Announcement

Collapse
No announcement yet.

k-1 in an IRA

Collapse
X
 
  • Filter
  • Time
  • Show
Clear All
new posts

    k-1 in an IRA

    My client received a k-1 for an investment which i believe is from an oil company. This is inside his ira. My understanding is this is a not a reporting event since it is in his ira. My guess is there are investors that own a piece of this investment in a regular investment account therefore the company issues k-1s. Any thoughts?

    #2
    The trustee

    of the IRA will need to deal with the K1 information. It is sent to your client for information purposes.

    Comment


      #3
      It may be a reporting, and taxable, event on if the UBTI exceeds $!,000 in which case a Form 990-T will have to be filed.

      Comment


        #4
        Why would a 990 need to be filed? I've never heard of that requirement in regards to IRA's.

        Comment


          #5
          Originally posted by ardi600 View Post
          My client received a k-1 for an investment which i believe is from an oil company. This is inside his ira. My understanding is this is a not a reporting event since it is in his ira. My guess is there are investors that own a piece of this investment in a regular investment account therefore the company issues k-1s. Any thoughts?
          If you will look at the K-1 closely, you will see it does not have the client's SSN on it. It has the EIN of the entity and has been filed with the IRS under that #. I hate these things. You have to be careful not to overlook that. And it confuses the devil out of the taxpayer.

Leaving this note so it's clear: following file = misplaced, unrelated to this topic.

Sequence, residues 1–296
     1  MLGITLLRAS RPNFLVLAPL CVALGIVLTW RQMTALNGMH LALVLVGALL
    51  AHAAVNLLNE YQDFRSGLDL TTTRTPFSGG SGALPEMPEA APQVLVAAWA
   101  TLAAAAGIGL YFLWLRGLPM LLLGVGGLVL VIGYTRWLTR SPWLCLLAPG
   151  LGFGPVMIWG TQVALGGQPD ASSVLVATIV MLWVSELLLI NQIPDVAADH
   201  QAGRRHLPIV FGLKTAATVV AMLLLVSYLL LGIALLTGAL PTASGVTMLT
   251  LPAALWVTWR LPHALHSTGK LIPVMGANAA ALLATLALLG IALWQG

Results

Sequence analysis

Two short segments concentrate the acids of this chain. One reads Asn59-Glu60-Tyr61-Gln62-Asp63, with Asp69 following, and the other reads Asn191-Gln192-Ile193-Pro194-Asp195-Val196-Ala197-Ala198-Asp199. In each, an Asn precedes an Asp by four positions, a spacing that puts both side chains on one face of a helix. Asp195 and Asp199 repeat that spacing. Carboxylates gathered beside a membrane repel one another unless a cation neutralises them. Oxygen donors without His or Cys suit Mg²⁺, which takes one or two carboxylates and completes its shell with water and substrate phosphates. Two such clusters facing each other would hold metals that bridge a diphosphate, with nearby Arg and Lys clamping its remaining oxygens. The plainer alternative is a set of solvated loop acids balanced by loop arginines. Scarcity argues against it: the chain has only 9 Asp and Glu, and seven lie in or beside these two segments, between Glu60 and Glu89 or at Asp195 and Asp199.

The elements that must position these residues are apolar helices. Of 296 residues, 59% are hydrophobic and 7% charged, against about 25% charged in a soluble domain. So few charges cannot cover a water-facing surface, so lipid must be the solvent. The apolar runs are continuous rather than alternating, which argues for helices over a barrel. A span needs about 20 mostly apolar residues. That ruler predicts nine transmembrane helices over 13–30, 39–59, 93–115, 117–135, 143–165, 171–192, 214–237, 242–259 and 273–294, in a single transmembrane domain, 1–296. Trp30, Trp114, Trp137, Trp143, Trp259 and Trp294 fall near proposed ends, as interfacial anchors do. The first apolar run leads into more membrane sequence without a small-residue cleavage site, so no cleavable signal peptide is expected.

Comment


            #6
            Your client is supposed to send the K1 to the broker in the event the UBTI is over $1000 (box 20V) on the K1. While the broker is required to file the 990-T I understand this year that some brokers are sending the 990 to the client to prepare and have them return to the broker for filing.

            Comment


              #7
              You have got to be kidding.

              Comment


                #8
                Originally posted by taxdude71 View Post
                Why would a 990 need to be filed? I've never heard of that requirement in regards to IRA's.
                An IRA is most likely to be taxed when it earns unrelated business taxable income (UBTI). The UBTI rules apply to all qualified retirement plans, not just traditional IRAs. If an IRA earns UBTI exceeding $1,000 it must pay income taxes on that income. The IRA might have to file Forms 990-T or 990-W. It also must pay estimated income taxes during the year if the UBTI exceeds $500.

                Comment


                  #9
                  Here's a discussion related to this issue from 3+ years ago. There are others - just search on "UBTI".

                  http://www.thetaxbook.com/forums/sho...highlight=ubti
                  "The only function of economic forecasting is to make astrology look respectful" - John Kenneth Galbraith

                  Comment


                    #10
                    @Burke

                    you are right. there are two k1s and under part two identifying number, neither one has their ss numbers. in box F it reads:
                    ira FBO and then his name
                    abc company llc(example)
                    roth account
                    my clients address

                    second one reads:
                    edward jones co custodian
                    fbo, then my client's name
                    address.

                    btw, they are both losses.

                    Comment


                      #11
                      Hahahaha

                      Originally posted by Burke View Post
                      You have got to be kidding.
                      This struck me as hilarious. I am crying over here.
                      Last edited by RitaB; 03-05-2012, 01:11 PM.
                      If you loan someone $20 and never see them again, it was probably worth it.

                      Comment

                      Working...
                      X